August 29, 2017

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Congratulations to the attorneys at Bryan Cave who made the 2018 “Best Lawyers in America” List, including the following members of our Private Client Services team:

Kimberly E. Civins (Atlanta)

William Linkous Jr. (Atlanta)

Renee M. Gabbard (Irvine)

Shannon K. Barks (Kansas City)

B. John Readey III (Kansas City)

Lawrence Brody (St. Louis)

Stephen B. Daiker (St. Louis)

John D. Schaperkotter (St. Louis)

Kathleen R. Sherby (St. Louis)

Douglas J. Stanley (St. Louis)

Shannon K. Barks of our Kansas City office was also recognized as a “Lawyer of the Year“.

THE STATUTE “SAYS WHAT IT MEANS AND MEANS WHAT IT SAYS”

U.S. v. McNICOL 829 F.3d 77 (1st Cir. 2016) (cert. denied 1/9/2017)

Trusts and Estates practitioners often focus solely on the Tax Code found in Title 26 of the United States Code and ignore other parts of the United States Code (U.S.C.). However, it is a mistake to do so as Marci McNicol learned first-hand. In this case, the Federal Priority Statute found in 31 U.S.C. § 3713 came into play to impose liability on Marci for the decedent’s unpaid Federal income tax liability.

Here, at the time of his death, the decedent owed over $300,000 in Federal income taxes. As a result of this and other liabilities, the decedent’s estate, which consisted almost entirely of interests in two closely held companies, was insolvent. Marci, the decedent’s widow, transferred decedent’s interest in one of the companies to herself even before the court had appointed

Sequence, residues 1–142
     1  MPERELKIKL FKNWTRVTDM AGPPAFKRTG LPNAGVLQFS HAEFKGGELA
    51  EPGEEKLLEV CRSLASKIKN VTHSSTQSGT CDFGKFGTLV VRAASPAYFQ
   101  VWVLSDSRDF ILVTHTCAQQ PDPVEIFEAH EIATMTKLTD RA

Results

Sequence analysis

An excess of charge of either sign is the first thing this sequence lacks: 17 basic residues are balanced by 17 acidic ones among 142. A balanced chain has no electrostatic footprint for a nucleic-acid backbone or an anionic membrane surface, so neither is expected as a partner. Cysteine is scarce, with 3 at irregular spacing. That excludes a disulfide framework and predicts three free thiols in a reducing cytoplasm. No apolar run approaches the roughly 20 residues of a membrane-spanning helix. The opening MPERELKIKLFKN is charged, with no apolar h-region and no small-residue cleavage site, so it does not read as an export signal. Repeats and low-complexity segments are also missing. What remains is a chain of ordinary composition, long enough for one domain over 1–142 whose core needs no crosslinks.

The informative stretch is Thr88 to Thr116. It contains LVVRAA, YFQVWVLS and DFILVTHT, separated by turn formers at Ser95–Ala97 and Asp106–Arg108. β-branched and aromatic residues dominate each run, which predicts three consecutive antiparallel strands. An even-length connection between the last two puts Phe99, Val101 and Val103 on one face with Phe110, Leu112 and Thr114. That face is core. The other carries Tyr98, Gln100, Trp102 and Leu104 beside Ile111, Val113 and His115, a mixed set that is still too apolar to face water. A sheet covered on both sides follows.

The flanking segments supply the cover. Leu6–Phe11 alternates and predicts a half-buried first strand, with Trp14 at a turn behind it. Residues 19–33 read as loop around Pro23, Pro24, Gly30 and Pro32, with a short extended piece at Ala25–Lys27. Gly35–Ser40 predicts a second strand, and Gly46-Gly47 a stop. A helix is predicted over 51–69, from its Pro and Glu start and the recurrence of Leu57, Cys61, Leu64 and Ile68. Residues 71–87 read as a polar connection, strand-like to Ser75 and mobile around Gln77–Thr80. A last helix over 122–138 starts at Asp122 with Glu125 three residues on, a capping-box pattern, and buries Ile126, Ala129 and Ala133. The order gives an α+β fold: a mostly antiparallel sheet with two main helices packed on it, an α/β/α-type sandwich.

COPYING IS BEST IN THE ING WORLD

PLR 201642019

Not only is strict adherence to the structure set out in prior favorable rulings best, it is essential when it comes to obtaining a favorable ING ruling. The provisions in the trust document need to carve a very fine line through the grantor trust/incomplete gift rules to obtain a favorable ING ruling. The goal is to have the Service rule that a trust is not a grantor trust for income tax purposes yet not a completed gift for gift tax purposes and included in the grantor’s estate to get a basis adjustment at death.

The earliest ruling, ILM 201208026, fell short of a favorable ruling with the Service finding that the retained testamentary power of appointment was insufficient to avoid a completed gift. By 2014, practitioners had carefully studied this early ruling and devised a set of trust provisions that

NO AUTOMATIC CLOSING LETTER, BUT WAIT – THERE ARE ALTERNATIVES

IRS Notice 2017-12

The Service issued FAQs in June of 2015 to let practitioners know that they were no longer routinely issuing closing letters. The Service instructed practitioners that they would now have to request such a closing letter, but could not do so until 4 months after filing the estate tax return. Their goal was to reduce the amount of work the Service needed to complete as a cost cutting measure. However, taxpayers need closure and the requests for closing letters almost became routine. Because so many practitioners were routinely requesting closing letters, the Service let it be known informally, with a posting on its website, that a transcript could be requested, and would be an acceptable substitute for an estate tax closing letter. But requesting such a transcript has not been a simple matter, with many groans of frustration along the way. The Service has now provided guidance